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Albuquerque, New Mexico, February 1, 2017: The Tularosa Basin Downwinders Consortium (TBDC) has just completed a Health Impact Assessment on the effects of the July 16, 1945, Trinity test on New Mexicans and the potential benefits of the Radiation Exposure Compensation Act (RECA) amendments on residents of the Tularosa Basin. The report will be released to the public the week of February 6, 2017, at three separate events in Tularosa, Socorro, and Albuquerque.

The Radiation Exposure Compensation Act (RECA) is a federal law originally passed by the United States Congress in 1990 to award financial reparations to Nevada Test Site Downwinders, on-site test participants during atmospheric nuclear weapons tests, and uranium miners and millers who developed cancer and/or other specific illnesses as a result of radioactive fallout or radon gasses to which they were exposed. Trinity test downwinders in New Mexico were not included in the original Act nor were they included in year 2000 amendments to the Act. Residents of southern New Mexico, in particular, have historically experienced high levels of cancer and other illnesses since the 1945 test.  Currently proposed Congressional bills would include New Mexico and potentially award Trinity downwinders reparations to account for their unknowing and unwilling participation as bystanders to the Trinity test on July 16, 1945, incidentally the first atmospheric nuclear test ever to take place in the world.

Discussions surrounding the status of RECA since its inception have focused heavily on the financial and economic benefits (and disadvantages) of the Radiation Exposure Compensation Program with the U.S. Department of Justice’s Constitutional and Specialized Tort Litigation section. The value of the Act has not been explored in terms of public health. In Fall 2015, the Tularosa Basin Downwinders Consortium (TBDC) began work with the New Mexico Health Equity Partnership (NMHEP), an initiative of the Santa Fe Community Foundation, to research the impact that an amended RECA would have on the public health of New Mexicans. A Health Impact Assessment (HIA) relies on various data sources, prioritizing stakeholder feedback, to demonstrate how a policy or program, like RECA, would impact the health of the affected communities and makes recommendations to mitigate health risks within the decision-making processes.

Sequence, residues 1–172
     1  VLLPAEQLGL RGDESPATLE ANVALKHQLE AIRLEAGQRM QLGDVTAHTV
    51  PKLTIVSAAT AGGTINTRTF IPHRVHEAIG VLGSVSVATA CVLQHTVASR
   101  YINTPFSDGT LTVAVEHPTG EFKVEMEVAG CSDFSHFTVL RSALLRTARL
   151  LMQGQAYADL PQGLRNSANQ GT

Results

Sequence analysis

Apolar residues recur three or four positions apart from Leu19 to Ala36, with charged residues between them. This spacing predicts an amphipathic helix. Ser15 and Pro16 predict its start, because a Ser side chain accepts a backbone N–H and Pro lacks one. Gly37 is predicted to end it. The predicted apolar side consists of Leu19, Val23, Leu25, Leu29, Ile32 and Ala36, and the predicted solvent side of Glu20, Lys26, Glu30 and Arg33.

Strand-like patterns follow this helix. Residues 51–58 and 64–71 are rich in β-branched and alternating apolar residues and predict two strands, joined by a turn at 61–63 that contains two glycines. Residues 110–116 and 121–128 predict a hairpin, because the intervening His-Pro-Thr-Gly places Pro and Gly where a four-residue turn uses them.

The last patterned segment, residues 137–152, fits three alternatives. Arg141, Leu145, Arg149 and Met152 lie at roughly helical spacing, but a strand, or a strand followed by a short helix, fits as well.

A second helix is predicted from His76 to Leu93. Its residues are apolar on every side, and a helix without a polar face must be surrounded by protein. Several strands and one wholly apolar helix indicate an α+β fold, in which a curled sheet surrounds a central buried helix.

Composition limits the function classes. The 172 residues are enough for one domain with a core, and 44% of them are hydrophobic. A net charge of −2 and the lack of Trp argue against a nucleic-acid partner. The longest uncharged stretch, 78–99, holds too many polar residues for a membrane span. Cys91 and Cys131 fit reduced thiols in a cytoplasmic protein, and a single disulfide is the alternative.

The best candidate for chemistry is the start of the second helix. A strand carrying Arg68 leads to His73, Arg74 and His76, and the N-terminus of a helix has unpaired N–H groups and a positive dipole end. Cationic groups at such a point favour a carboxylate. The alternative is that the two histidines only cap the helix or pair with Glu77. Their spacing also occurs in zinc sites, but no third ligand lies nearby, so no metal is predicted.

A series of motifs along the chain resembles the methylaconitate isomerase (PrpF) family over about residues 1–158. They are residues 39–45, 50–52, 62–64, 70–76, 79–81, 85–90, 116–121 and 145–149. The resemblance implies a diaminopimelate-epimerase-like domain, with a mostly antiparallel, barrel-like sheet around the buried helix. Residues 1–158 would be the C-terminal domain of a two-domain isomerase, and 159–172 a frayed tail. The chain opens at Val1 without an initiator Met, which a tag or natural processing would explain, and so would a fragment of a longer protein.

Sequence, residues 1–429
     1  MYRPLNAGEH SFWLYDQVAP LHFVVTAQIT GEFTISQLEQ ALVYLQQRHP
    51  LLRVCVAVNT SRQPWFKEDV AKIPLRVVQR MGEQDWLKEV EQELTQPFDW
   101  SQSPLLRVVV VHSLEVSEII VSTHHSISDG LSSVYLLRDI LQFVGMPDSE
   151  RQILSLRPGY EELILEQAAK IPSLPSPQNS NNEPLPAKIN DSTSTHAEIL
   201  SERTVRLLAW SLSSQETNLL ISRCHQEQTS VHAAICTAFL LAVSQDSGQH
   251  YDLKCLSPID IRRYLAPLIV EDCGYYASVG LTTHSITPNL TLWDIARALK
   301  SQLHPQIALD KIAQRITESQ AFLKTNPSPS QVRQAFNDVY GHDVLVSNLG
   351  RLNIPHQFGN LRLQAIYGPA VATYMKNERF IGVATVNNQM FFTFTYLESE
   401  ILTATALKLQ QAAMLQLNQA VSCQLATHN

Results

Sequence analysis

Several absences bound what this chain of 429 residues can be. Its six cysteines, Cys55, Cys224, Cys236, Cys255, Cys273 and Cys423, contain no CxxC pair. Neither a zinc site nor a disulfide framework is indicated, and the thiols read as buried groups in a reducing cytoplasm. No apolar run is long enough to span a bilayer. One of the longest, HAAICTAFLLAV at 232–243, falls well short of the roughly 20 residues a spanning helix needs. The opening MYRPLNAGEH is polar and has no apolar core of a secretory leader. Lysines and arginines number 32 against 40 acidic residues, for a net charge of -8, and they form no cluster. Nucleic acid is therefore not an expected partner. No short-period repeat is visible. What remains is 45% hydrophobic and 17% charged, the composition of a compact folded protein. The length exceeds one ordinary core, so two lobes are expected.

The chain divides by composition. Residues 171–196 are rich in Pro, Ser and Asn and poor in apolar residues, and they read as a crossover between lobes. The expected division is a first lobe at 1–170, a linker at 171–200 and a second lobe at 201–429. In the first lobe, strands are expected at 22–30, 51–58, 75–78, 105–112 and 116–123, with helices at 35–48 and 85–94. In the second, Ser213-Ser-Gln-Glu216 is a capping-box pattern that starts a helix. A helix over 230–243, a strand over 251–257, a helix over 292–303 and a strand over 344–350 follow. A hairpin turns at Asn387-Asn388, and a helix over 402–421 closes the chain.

The TBDC HIA team would like to thank the community members who completed health surveys, participated in focus groups, and provided written testimonies. We would also like to thank the New Mexico Health Equity Partnership (NMHEP), an initiative of the Santa Fe Community Foundation.

A copy of the report will be available on our website after the release events:

Source: tbdc

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